On Monday night in Zamalek, over 100 people filled the swanky Left Bank café for a night of stand-up comedy. The evening was hosted by Hashem El-Garhy and his band of underground, Cairene comics calling themselves El-Hezb El-Comedy. The night consisted of four comics running through their sets and ended with the two-man No Talents Band belting out a handful of songs on acoustic guitar.
The overarching feeling of the performance was discomfort, interspersed with a few hearty fits of laughter from the large audience. The first performer was Rami Boraie and he was the funniest of the evening. Much of his jokes felt stock, but when he hit a rhythm and seemed to relax, the crowd responded.
The second performer was Mohamed Shahine. He accompanied his one-liners with a steady melody plucked out on his guitar. Like most one-line comedians, his punch-lines were hit or miss. He had enough hits to make an enjoyable performance but his whole bit felt derivative of Dmitri Martin, or early Adam Sandler, or any number of performers who give a laundry list of sing-songy jokes. It did not help that he would often revert to a sort of irritating baby-voice.
Next up was Mohamed Farouk, who performed mostly in Arabic. Though I understood little of what he said, the crowd was as quiet during Farouk’s segment as it was all night. Farouk did come back later and showed he was more at ease rocking out on the guitar than being funny.
Last was Marwan Iman. He giggled incessantly through his set as it bombed, especially a bit about sexual harassment that seemed to drag on forever as the crowd shifted uncomfortably.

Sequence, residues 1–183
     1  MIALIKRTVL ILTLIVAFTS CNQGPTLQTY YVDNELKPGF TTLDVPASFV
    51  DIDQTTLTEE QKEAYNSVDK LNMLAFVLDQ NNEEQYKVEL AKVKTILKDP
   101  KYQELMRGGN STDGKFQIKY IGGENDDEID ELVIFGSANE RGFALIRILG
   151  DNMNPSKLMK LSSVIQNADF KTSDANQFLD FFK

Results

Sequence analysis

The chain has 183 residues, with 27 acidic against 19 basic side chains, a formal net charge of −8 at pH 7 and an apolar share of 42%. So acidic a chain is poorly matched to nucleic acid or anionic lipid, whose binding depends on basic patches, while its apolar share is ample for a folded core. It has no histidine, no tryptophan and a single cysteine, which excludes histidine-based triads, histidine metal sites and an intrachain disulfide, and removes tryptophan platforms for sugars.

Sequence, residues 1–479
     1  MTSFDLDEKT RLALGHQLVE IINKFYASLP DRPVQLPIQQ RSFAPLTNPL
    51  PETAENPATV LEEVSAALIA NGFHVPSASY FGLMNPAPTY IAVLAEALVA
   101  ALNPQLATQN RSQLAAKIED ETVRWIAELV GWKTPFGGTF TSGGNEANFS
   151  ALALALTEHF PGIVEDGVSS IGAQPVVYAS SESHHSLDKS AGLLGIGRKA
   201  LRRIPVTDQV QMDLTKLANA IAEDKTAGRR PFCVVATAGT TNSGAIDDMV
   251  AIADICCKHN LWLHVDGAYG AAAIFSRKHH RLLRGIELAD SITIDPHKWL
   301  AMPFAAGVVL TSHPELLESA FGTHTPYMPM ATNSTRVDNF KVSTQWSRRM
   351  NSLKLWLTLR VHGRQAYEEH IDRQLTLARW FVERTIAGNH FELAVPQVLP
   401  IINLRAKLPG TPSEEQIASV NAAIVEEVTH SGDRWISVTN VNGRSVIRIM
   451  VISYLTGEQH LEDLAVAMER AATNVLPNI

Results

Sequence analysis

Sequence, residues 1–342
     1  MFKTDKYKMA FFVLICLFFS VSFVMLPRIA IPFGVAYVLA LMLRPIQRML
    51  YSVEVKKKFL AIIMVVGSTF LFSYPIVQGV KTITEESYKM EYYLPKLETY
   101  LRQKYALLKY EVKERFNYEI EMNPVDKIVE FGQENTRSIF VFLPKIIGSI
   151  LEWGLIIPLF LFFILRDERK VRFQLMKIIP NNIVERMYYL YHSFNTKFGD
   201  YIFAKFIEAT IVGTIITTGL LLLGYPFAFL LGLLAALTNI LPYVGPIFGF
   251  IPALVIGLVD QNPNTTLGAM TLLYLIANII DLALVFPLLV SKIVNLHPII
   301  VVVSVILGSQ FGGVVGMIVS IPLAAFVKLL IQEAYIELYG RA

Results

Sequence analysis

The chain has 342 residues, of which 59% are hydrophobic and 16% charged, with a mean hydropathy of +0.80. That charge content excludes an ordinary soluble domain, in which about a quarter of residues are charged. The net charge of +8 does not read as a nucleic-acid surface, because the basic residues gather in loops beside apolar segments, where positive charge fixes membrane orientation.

Throughout the entire show, a table in the front was constantly erupting in applause and shrieks. Again, the crowd was 100 strong, but to make one table laugh that much the comics must be connecting with some type of taste. Or they brought their family and friends along to the gig.
The biggest reason the show was disappointing was that the jokes were so uniformly inoffensive. At one point the crowd was scandalised by a joke about flipping over a turtle so it couldn’t run away but that was as far as it went. The opportunity continually arose for the comedians to pursue jokes further, but it seemed like they would shy away or choose to stick to their scripts. None ever seemed fully at ease, so the crowd was not able to be either.
By far the worst part of the night was the MC Hashem El-Garhy. Between every set he would get on stage to energetically flop himself around and yell out stale, forced jokes. He had all the energy necessary to be a hype man, but kept trying to fit in with the comics. Steve Harvey does this, fluidly adding his own comedy to his introduction of other comics, but Harvey is in another class. For future performances El-Hezb would benefit from El-Garhy doing less Steve Harvey and more Flava Flave.
There is hope for this group though, especially because they see themselves existing in a vacuum of the mostly comedy-less Cairo entertainment scene. It just takes more and more performances like the one on Monday before they become the real deal. That is the thing about stand-up comedy. While gymnasts practice in the privacy of the gym only to dazzle when put in front of the crowd, the only way stand-up comedians get better is by being thrust in front of places like the horribly lit Left Bank with the hiss of cappuccinos being made for the upscale clientele.
They perform again tonight at El Sawy Culturewheel and we can only hope they will have adjusted their show according to lessons learned on Monday.